When used excessively, ‘diversity’ is reified and as meaningless as it is over-valorised. If diversity is a neutral concept, the question isn't if diversity is good, but a diversity of what? Taken away from its given connotation of ‘richness’, diversity is just a variable and not a value in itself. Indeed, in many cases ‘diversity’ is valorised when there is no benefit of doing so, but instead harm, indeed the same is frequently enough done with the concept of speed, for example. There's nothing either good or bad about speed in itself, since it can be the speed of your losing or the speed of your learning. Speed is not inherently a value, but only contextually so, but it is inherently a variable. Speed can add value, it can be valued, but in itself it is simply a relativity. Something is fast only relative to something that is less so — it simply branches out from the feeling of a human of something going faster than another thing, like a leopard compared to a human on foot. A leopard doesn't run with speed compared to the speed of light. He's very slow. You see here how the concept is neutral, and is only a reification from the experience of the human. Diversity is similar. It seems though easier to argue that the universe "values" diversity, than arguing the same about speed. The perceived entities of the universe seem to be in constant differentiation, as one thing becomes in perception different from another, in material transformation, and indeed, historically, apparent diversification. It is no doubt this that has influenced the context of diversity as something that overlaps with survival and the good. Indeed, to add to our realisation that diversity typically refers to positive difference (and that's positive in more than one way, be it increasing variation or valuation of something as good), we may accurately state that ‘diversity’ is typically enough a concept referring to the positive effects of variety. What gets done in error however, commonly, is to think that because variety can be positive, all variety must be positive. This is the result of either lazy thinking, or something like being too enthusiastic. Irrationality in either case. Simple variety is not necessarily good, since a variety of diseases for example is not so. A fresh oatmeal is regarded as better than a buffet of spoiled food, typically. Asking someone to bring variety from the liquor store can lead to a selection of poorly tasting wines, while asking for a single top choice will all else equal lead to just that.

… the diversity rationale also insultingly assumes that black students bring a black "point of view," Asians an Asian one and so on, thus reifying the very barriers of race and ethnicity that affirmative action is meant to erase.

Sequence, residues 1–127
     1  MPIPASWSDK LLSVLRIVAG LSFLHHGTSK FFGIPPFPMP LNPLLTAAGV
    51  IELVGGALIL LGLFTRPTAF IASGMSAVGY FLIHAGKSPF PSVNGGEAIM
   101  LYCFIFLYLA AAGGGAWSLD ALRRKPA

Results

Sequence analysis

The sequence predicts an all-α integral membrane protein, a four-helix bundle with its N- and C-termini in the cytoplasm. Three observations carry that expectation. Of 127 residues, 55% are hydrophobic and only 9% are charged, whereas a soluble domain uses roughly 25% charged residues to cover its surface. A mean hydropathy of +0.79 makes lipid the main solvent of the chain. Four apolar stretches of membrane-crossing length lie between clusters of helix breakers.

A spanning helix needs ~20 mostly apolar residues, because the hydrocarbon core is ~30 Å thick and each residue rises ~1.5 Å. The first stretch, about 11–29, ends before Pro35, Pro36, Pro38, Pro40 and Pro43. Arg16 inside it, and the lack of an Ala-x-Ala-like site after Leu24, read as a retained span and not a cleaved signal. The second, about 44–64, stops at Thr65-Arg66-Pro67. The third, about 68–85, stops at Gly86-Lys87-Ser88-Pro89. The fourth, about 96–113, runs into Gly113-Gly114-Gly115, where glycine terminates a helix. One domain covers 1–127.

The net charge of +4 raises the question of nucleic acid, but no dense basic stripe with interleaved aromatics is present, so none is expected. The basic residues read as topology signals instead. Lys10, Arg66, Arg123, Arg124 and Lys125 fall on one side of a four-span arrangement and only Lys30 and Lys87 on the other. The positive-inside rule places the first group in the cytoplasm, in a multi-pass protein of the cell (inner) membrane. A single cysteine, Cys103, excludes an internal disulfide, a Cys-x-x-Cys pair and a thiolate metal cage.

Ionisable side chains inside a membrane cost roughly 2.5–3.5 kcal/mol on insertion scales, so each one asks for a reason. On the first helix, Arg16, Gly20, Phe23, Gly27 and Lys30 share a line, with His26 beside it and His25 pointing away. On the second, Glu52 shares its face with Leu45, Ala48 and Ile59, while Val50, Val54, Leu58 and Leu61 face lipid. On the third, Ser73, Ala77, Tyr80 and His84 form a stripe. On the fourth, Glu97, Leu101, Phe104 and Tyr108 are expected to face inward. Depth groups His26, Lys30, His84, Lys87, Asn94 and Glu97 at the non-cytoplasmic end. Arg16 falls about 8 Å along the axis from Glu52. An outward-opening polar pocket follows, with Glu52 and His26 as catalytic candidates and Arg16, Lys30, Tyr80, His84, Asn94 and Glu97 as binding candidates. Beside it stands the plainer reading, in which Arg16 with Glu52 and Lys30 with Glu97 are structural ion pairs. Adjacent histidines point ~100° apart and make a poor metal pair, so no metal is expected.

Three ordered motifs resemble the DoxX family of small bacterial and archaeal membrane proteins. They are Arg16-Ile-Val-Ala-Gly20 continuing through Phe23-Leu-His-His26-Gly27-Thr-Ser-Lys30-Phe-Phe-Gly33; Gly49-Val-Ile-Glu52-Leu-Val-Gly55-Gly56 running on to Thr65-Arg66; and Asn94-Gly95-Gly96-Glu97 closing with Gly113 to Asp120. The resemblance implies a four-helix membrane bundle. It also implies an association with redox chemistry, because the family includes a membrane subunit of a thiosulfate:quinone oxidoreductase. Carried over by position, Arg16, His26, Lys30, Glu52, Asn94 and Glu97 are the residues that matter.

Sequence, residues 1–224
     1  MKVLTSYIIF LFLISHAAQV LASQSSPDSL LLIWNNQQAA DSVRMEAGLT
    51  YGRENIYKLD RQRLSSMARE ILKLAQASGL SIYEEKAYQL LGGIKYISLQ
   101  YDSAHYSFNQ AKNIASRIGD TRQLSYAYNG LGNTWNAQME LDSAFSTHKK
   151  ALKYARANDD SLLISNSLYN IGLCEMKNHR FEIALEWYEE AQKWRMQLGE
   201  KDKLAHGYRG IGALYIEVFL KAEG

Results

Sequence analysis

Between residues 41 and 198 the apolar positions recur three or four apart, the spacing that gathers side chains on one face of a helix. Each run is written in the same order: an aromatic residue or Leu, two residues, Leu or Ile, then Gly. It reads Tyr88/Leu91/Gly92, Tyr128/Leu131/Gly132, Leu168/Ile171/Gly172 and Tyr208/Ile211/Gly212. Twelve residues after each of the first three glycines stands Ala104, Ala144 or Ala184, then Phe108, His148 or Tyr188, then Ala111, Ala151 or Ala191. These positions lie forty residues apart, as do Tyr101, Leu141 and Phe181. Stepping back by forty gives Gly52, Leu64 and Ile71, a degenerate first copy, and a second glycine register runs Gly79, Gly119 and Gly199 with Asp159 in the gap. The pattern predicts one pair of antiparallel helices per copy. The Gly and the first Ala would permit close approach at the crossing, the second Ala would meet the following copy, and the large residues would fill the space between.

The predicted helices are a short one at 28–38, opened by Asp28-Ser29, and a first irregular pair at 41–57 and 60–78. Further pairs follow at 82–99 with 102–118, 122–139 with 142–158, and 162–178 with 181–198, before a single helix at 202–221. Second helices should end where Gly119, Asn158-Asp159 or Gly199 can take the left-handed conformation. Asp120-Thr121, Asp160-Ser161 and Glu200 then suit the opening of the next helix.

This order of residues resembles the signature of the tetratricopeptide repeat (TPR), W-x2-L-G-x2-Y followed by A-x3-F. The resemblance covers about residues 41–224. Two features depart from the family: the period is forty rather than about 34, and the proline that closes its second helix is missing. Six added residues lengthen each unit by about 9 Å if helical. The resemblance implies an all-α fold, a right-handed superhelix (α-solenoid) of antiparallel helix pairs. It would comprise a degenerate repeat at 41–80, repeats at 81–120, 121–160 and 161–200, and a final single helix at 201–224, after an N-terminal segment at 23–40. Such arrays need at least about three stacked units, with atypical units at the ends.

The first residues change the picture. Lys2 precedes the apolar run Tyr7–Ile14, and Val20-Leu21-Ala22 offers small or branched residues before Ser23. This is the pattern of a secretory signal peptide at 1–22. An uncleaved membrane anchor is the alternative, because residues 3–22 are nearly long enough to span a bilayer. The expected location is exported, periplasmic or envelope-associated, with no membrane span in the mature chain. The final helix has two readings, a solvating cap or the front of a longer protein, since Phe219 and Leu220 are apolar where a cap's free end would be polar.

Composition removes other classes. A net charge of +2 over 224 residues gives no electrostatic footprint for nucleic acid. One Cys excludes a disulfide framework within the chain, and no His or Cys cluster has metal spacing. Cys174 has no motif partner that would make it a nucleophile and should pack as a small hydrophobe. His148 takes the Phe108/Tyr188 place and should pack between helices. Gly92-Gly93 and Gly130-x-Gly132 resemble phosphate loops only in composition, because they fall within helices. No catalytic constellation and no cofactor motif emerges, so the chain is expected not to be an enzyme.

James Traub

«Reinventing Money», about skewed priority of metrics:

"Two key structure-related variables — Diversity (the existence of different types of agents acting as “nodes” in the network) and Interconnectivity (number of pathways between agents) — play a central role in both efficiency and resilience but in the opposite direction. In general, a system’s resilience is enhanced by more diversity and more connections, because there are more channels to fall back on in times of trouble or change. Efficiency, on the other hand, increases through streamlining, which usually means reducing diversity and connectivity.

The main point is that nature does not select for maximum efficiency, but for an optimal balance between the two opposing poles of efficiency and resilience. Because both are indispensable for long-term sustainability and health, the healthiest flow systems are those that maintain an optimal balance between these two opposing pulls. Conversely, an excess of either attribute leads to systemic instability. Too much efficiency leads to brittleness and too much resilience leads to stagnation; the former is caused by too little diversity and connectivity and the latter by too much diversity and connectivity."

Rhizomata[]

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  1. 2Bethesda @bethesda In celebration of Global Diversity Awareness Month, we're shining a spotlight on the many diverse backgrounds and cultures that make up the Bethesda family. First up: Johnelle Gooden Smith, from our UK HR Team. Johnelle answers the question: What does diversity mean to you? 5:30 PM · Oct 1, 2020·Khoros Marketing" "Zenimax Europe."